An effective response simulation to catastrophes in an urban environment requires modeling the actions of a large number of actors, each endowed with their own skills, objectives, behaviors and resources, to be able to coordinate their efforts in order to mitigate the outcome of a disaster. This modeling and simulation effort aims to build a flexible, adaptable and general model, combining expertise from both public health and computational sciences, to improve preparedness and response capabilities of a city. Typically, training drills in the field and tabletop exercises are used to inform policy-makers to prepare responders for catastrophes of large magnitude. Usage of computer modeling simulation enables close to optimal design of such exercises to maximize their effectiveness across multiple dimensions. With the powerful computational reasoning and analysis technologies that have been implemented and developed in Plan C’s models, it is now possible to go beyond table-top exercises to help policy makers to consider, simulate and analyze the effect of a wide range of parameters, in several concomitant catastrophes.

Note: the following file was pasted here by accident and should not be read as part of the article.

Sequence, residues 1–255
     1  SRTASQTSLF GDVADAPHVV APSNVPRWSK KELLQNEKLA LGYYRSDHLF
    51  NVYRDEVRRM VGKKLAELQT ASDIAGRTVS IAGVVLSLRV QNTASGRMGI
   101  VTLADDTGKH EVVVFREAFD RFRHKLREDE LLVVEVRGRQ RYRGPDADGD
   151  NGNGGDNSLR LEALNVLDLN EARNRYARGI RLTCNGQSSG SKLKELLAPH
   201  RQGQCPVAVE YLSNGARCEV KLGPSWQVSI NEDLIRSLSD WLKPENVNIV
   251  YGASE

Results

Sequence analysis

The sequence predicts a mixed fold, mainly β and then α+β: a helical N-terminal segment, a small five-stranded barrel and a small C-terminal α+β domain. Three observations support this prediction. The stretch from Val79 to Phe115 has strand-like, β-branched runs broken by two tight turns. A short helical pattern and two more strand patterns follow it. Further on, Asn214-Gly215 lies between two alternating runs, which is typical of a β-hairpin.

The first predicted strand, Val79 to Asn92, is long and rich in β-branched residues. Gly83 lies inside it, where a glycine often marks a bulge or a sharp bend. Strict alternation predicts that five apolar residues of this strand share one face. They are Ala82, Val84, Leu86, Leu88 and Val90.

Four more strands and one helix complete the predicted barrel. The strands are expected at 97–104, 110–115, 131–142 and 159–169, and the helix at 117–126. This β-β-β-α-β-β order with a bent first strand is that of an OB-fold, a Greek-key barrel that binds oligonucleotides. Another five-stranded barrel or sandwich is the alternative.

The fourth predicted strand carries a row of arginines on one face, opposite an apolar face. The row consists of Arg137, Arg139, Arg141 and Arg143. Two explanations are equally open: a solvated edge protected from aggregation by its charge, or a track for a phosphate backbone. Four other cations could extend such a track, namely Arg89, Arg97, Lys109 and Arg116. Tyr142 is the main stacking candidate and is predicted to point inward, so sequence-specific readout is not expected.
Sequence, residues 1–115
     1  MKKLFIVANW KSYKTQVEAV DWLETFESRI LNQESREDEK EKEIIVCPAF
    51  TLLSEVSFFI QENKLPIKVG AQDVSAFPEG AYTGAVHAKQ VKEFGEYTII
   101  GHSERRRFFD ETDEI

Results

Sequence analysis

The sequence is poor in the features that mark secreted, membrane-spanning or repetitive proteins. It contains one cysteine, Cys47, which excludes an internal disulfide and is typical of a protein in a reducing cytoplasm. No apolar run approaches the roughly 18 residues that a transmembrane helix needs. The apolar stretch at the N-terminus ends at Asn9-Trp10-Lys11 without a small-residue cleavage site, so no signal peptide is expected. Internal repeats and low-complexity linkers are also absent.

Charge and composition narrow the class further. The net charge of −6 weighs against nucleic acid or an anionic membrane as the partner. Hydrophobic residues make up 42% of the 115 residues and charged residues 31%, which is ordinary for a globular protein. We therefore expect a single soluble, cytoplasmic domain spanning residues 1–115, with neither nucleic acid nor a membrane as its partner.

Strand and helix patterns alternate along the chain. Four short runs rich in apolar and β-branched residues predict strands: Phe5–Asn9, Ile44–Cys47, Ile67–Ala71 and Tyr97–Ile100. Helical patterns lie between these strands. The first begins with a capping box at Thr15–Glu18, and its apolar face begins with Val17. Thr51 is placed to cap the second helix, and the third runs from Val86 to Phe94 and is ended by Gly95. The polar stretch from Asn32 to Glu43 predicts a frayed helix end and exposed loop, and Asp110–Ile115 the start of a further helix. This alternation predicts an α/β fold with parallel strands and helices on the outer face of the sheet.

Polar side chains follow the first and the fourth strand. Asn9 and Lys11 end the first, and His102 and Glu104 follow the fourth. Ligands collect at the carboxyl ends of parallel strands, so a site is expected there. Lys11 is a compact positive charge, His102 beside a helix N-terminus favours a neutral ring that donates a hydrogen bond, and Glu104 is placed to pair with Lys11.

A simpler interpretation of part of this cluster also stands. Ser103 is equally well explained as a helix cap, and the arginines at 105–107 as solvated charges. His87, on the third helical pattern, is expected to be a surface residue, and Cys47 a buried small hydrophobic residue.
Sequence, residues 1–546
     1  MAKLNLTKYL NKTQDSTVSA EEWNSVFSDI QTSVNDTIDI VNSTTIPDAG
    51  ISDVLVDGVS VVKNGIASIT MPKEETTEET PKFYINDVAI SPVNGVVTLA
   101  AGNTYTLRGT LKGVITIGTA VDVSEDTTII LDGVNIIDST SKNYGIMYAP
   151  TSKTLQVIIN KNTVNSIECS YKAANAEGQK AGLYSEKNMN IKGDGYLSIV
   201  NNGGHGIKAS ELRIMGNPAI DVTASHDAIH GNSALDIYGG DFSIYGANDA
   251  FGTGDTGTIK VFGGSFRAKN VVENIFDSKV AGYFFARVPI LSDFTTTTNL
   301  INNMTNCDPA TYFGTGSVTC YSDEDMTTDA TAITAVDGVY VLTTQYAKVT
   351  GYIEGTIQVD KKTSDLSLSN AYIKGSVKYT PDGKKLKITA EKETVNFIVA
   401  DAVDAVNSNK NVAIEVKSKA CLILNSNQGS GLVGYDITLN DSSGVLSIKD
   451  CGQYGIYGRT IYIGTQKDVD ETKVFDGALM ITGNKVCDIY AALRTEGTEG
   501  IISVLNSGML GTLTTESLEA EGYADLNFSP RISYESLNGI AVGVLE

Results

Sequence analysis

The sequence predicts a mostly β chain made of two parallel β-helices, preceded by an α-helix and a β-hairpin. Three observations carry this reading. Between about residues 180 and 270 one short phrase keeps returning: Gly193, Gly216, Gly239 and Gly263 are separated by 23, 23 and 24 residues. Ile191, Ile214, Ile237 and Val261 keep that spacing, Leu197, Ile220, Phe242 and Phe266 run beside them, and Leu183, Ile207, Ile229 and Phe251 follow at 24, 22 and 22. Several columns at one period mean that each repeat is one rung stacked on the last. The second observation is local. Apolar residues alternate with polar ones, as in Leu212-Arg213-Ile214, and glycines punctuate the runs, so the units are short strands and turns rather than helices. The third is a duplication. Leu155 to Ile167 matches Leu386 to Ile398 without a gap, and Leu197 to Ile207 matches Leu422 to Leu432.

Our effort in this direction has resulted in a system with the following combination of features:
The earliest scenario investigated by PLAN C was the 1998 food poisoning of a gathering of over 8000 people at a priest's coronation in Minas Gerais, Brazil leading to 16 fatalities. Multi-agent modeling was explored for this problem by allowing simplistic hospital and person agents to interact on a two-dimensional integer grid. As various complex, counter-intuitive and unanticipated behaviors emerged in the simulation of an extremely parameter sensitive system, it could immediately validate its potential use in agent-simulation-based analysis of catastrophes [MGD+05].